Lots of people recognized me on the way out. I got several random “How many balls today?”‘s. One high school kid spotted me from across the street and literally shrieked, “OH MY GOD, IT’S THE BALL GUY!!! WOOOOOOOOOO!!! BALL GUY!!! BALL GUY!!!” He was just joking around (I hope), but it was still pretty fun and absurd and ridiculous. I held up my Marlon Byrd ball and gave him a wave, and he screamed, “YEAH!!! BALL GUY!!! YOU DA MAN!!!” That made other people stare and recognize me. I was looking forward to riding the #7 train with everyone, but for the first time in my life, it wasn’t running. There was a huge fire at the Willets Point station, so I walked half a mile to the 111th Street station, still holding my foul ball. I overheard the following conversation between the two guys walking behind me:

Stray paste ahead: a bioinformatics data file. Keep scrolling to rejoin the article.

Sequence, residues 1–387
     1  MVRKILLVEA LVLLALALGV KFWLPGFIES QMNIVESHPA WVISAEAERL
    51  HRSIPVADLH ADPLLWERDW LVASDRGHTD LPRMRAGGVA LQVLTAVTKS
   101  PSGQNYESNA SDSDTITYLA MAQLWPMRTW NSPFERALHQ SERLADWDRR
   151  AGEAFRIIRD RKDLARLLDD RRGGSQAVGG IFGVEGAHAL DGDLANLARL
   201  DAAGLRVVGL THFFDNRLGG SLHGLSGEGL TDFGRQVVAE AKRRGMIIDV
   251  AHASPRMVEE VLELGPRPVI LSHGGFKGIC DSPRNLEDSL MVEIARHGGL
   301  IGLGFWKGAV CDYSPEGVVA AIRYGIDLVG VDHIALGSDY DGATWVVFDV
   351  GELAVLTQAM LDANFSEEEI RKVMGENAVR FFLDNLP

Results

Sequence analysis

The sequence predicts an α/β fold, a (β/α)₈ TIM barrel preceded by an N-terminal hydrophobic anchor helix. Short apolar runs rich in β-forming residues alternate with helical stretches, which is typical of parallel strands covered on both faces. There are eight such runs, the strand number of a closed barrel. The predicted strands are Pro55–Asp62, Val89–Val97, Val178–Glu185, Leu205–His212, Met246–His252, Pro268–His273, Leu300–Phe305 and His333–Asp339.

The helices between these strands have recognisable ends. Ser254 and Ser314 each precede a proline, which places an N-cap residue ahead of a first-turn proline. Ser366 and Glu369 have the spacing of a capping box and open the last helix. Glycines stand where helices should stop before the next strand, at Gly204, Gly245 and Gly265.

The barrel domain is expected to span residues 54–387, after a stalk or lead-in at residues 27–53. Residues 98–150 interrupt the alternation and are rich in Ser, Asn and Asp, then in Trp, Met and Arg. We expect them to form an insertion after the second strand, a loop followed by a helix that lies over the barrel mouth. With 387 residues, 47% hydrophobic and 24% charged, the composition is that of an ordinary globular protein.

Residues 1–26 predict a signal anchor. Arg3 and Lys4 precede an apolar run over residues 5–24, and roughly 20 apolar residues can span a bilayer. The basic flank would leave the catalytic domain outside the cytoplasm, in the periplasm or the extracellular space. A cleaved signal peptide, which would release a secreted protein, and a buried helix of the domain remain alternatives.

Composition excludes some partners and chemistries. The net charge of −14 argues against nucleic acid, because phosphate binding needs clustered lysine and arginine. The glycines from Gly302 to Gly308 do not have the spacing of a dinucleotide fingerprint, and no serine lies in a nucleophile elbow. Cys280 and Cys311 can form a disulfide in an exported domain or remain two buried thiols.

“Hey, that’s the guy from SNY.”
“Yeah, but he only got one ball.”

The trains weren’t running at 111th. I went to the token–err, MetroCard–booth to ask for alternate directions. The guy in front of me asked how he could get to Queensboro Plaza (which is on my way home, but not even close).

“Well, if you walk to Northern Boulevard, you can get the M66 bus…”

Northern freakin’ Boulevard? Screw that.

I flagged down a livery cab, gave the guy $40, and got to listen to the highlights of the Yankees’ loss on the way home.


• 43 balls in 5 games this season = 8.6 balls per game.

• 432 consecutive games with at least one ball

• 58 consecutive games with at least two balls

• 57 lifetime games with at least 10 balls

• 91 lifetime game balls

• 12th time getting a game ball at back-to-back games

• 2,795 total balls